Normally when you wanted to search for an element with a given text displayed on it, you would manually identify, maybe with Firebug, the unique selector of the element, then you would probably check for its’ text.

In this case, since you have no unique selector for your element, you will extract the list of elements having the same “commonSelector”. From a code perspective that means:

@FindBy(how = CSS, using = "theCommonSelector") private List<WebElement> webElements;

Now, let’s assume that what you are interested in is an element out of this list that displays a certain label. Therefore, that the ‘getText’ method, called on that element, will return the expected text. Let’s name it “expectedText”.

In order to identify which element out of the list is the correct one, an iteration will be done over the list. For each of the elements of the list, the result of getText() applied on the element will be compared to “expectedText”.  If an element out of the list matches this condition, that is the one you are interested in, so identifying the element requires identifying which element in the list displays the label you are looking for.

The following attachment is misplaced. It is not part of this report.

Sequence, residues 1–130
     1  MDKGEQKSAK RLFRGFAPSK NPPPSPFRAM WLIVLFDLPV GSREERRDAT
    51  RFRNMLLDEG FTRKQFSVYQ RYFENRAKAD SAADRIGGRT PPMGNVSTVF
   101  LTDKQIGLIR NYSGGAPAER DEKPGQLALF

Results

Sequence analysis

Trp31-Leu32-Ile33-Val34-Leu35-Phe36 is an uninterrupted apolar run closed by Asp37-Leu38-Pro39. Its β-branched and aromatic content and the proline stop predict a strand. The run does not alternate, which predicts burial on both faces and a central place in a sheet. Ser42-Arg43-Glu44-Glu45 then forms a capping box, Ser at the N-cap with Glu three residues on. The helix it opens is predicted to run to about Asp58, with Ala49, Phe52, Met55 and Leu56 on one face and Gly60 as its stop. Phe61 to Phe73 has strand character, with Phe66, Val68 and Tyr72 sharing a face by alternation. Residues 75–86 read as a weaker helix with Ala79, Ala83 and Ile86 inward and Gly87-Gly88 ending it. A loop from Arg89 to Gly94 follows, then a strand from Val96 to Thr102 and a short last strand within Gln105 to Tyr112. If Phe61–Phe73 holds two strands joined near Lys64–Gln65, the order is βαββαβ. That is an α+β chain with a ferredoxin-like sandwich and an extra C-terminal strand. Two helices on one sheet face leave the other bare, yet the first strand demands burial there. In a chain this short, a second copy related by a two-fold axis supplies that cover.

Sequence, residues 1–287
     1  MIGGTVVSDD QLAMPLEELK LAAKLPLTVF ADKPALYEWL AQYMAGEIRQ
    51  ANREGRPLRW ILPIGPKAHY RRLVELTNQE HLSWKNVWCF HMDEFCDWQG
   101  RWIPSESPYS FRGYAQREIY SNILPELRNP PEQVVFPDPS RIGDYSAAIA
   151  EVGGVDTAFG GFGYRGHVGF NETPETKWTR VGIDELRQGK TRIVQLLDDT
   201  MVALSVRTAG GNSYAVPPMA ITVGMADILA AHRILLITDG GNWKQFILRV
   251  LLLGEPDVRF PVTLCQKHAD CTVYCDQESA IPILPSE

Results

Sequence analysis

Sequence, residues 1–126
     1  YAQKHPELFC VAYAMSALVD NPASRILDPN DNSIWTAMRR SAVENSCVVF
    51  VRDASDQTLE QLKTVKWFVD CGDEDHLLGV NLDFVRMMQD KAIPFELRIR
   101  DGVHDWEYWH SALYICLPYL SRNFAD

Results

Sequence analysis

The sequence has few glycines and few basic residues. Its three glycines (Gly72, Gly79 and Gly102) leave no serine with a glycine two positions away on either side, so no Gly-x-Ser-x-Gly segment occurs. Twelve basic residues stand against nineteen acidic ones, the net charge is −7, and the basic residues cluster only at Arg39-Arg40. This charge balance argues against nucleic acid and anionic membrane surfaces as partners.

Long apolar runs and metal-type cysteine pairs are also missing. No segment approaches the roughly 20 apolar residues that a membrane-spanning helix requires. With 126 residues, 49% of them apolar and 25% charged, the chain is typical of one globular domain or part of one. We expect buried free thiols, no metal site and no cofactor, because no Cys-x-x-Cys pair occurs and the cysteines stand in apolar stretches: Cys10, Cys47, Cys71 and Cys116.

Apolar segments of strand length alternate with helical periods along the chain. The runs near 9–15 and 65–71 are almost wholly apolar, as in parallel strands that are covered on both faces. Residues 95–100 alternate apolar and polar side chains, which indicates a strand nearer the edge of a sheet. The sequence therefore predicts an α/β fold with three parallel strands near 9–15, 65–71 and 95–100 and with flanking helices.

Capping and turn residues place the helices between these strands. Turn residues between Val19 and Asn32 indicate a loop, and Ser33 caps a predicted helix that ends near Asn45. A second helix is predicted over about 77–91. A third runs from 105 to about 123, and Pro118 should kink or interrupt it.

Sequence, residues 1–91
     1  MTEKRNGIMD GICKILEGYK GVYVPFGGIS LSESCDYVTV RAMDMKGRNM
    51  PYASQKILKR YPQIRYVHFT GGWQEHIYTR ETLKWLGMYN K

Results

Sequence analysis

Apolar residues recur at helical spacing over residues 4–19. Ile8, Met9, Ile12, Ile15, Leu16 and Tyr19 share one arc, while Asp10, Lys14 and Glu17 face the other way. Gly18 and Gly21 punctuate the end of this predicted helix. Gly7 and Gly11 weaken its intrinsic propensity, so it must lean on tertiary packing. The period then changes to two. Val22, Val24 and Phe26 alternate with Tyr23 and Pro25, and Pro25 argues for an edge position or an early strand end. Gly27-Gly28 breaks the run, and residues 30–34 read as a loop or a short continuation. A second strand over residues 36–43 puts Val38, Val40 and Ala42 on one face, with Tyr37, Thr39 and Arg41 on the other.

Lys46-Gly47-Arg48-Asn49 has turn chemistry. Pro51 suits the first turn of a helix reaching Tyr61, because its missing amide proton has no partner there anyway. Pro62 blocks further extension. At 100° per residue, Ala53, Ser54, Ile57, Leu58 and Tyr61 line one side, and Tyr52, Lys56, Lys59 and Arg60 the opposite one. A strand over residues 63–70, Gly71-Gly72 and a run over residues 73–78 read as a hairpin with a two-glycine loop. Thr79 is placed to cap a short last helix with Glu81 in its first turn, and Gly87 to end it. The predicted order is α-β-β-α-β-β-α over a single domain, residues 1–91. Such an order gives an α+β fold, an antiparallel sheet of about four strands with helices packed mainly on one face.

Now for a real example, with code, i added a test class in my GitHub project, here.

In the test method of this class, the first step is calling another method that generates an HTML that illustrates the approach of this post. The HTML represents a list of elements (a bunch of <li> elements) that display random text, except for one element that displays “My favourite element”, which is the one the test is looking for. Each time the test is run, this element is found at a different position in the list. Each element also has a random class attribute that is different every time the test runs.

Basically i wrote a little bit of code that generates a different HTML each time you run the test, just to show the beauty of this approach. This HTML is stored to a local file, which is then opened in the browser.